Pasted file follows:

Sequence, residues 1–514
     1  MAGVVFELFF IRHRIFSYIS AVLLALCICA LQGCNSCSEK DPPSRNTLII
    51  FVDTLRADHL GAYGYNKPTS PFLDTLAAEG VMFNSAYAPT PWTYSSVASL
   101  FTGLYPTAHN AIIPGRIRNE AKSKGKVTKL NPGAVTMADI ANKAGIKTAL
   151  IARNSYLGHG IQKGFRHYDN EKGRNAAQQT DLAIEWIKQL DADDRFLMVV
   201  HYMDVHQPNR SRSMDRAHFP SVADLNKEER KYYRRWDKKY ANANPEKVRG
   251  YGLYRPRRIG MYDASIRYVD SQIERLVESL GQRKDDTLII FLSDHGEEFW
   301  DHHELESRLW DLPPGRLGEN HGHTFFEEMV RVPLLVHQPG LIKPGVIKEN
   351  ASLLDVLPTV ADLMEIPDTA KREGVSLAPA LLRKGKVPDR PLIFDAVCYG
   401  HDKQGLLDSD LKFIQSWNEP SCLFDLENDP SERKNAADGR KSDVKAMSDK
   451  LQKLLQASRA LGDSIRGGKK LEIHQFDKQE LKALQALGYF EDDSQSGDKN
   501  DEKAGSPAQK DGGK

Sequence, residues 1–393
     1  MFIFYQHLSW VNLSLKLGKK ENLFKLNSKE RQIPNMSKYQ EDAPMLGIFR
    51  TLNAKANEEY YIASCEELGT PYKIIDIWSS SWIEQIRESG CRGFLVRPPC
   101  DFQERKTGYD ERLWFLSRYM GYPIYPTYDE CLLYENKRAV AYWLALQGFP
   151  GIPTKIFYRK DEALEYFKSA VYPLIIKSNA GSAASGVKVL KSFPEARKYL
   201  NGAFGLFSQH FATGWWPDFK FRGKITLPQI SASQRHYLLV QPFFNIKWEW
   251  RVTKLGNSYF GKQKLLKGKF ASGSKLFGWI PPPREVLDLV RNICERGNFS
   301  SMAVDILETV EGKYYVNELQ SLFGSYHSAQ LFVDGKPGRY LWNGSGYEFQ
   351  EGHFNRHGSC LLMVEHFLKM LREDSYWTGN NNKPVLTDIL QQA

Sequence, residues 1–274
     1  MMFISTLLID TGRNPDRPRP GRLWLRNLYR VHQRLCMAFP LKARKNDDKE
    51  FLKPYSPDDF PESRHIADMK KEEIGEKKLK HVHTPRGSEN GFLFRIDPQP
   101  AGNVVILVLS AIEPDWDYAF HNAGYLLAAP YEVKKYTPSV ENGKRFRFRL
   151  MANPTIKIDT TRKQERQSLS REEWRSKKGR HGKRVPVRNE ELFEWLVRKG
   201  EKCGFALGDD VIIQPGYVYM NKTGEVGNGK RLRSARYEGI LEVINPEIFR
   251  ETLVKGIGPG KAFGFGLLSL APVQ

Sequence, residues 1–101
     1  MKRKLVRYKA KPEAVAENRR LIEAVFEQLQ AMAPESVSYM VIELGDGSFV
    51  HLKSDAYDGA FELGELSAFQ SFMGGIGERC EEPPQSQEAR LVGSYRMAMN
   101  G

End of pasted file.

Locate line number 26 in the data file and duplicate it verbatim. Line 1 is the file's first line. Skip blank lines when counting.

   151  MANPTIKIDT TRKQERQSLS REEWRSKKGR HGKRVPVRNE ELFEWLVRKG